Wednesday, February 17, 2010

Kael of the Week: Film vs. Theatre

I found myself at the theatre (that is, at a live theatrical production) not once, but twice in the last week (almost thrice, but apparently everybody else in New York decided that a Sunday matinee was a nice fit for Valentine’s Day), and got to thinking about the ongoing argument I had with one of my college professors, J. David Blatt, about whether film or theatre was the greater art form. And then this passage popped up in the Kael book I’m working my way through:

“No doubt movies attract us from earliest childhood because they excite us and work on us, and perhaps movies came to the fore in the sixties because, unlike books but like rock music, movies could be experienced tribally, yet they also provide aesthetic experiences of a sensual complexity that it’s merely priggish to deny. People bred on TV and weaned on movies often feel sensually starved at a play—and they experience that starvation as boredom. When they are used to movies, live theater no longer works for them on a fantasy level. There aren’t enough elements going on for them in a play; they miss the constant flow of imagery, the quick shifts in place, the sudden rush of feeling. They miss all the compensatory elements which can sustain them during even a bad movie.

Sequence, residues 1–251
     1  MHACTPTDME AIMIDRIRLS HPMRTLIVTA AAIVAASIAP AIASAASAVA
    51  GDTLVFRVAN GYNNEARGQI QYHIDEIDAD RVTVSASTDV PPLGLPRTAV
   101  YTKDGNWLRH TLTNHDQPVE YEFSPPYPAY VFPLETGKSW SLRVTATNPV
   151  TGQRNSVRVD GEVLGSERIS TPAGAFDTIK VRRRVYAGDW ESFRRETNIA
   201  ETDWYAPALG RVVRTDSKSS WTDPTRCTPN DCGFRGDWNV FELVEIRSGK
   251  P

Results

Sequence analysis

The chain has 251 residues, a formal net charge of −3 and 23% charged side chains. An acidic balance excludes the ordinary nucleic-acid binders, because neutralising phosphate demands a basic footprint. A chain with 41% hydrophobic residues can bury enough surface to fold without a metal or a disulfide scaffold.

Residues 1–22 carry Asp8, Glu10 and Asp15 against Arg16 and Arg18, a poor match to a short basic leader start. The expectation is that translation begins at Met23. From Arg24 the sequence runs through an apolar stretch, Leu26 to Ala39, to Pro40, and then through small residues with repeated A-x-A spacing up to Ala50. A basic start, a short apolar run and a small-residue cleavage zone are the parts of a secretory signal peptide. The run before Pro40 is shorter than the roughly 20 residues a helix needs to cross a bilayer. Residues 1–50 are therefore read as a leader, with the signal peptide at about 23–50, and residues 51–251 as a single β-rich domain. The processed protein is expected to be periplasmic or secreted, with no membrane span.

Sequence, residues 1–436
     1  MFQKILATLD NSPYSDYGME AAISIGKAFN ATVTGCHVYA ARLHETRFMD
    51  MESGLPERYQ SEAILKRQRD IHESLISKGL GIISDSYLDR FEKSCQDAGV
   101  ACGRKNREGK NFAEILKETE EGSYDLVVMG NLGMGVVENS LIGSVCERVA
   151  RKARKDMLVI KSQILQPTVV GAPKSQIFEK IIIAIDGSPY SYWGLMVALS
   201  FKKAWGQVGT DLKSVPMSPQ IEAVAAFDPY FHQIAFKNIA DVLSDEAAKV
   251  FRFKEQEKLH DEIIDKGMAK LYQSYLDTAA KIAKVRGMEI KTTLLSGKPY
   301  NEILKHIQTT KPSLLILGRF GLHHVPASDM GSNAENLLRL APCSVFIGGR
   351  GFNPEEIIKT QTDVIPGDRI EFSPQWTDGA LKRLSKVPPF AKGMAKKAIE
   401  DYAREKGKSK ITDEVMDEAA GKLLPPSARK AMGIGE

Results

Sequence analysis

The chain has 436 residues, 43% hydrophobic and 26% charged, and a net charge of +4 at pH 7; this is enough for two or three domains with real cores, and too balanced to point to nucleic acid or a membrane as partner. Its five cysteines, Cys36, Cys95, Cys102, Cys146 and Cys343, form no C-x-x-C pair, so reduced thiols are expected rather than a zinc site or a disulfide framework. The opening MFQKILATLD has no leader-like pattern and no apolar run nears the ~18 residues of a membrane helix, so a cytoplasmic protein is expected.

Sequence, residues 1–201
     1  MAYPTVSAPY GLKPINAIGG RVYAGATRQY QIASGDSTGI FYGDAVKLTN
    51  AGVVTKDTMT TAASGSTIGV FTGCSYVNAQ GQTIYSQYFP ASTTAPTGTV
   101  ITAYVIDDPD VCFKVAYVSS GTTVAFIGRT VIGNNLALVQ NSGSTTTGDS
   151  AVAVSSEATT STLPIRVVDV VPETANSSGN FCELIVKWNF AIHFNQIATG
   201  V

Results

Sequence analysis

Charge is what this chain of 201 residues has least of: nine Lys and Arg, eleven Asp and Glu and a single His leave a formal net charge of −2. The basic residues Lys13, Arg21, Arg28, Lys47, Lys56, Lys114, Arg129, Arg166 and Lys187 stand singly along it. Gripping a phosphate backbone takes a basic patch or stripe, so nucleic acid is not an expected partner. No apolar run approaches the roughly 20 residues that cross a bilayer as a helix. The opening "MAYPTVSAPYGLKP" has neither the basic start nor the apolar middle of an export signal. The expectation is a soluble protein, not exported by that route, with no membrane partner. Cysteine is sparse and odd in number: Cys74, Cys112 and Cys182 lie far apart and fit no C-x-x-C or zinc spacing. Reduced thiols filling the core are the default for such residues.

“There’s a reason for that ‘Wow!” which often seems all that a person can say after coming out of a movie house. So many images, sounds, and awakened memories may contribute to the film’s effect on us that often we can’t sort out what we think about the way we’ve been moved. We’re not even sure sometimes if we like it, but we certainly felt it. I think many people experience a sense of danger as part of the attraction of movies—they’re going to be swept up in they know not what. Unstable people, people with a record of nervous disorders, leap to see a hyped-up Gothic, such as The Exorcist, knowing they may flip out on it. That, maybe, is the extreme of what we all sometimes want from the movies—sensations we can’t control, an excitement that is a great high.”

From the introduction to Reeling
1975

I hasten to add that I’d hate this to read like I didn’t have a great time at those plays—quite the contrary. But, my own theatrical dabblings notwithstanding, I’m still a movie lover first and foremost.

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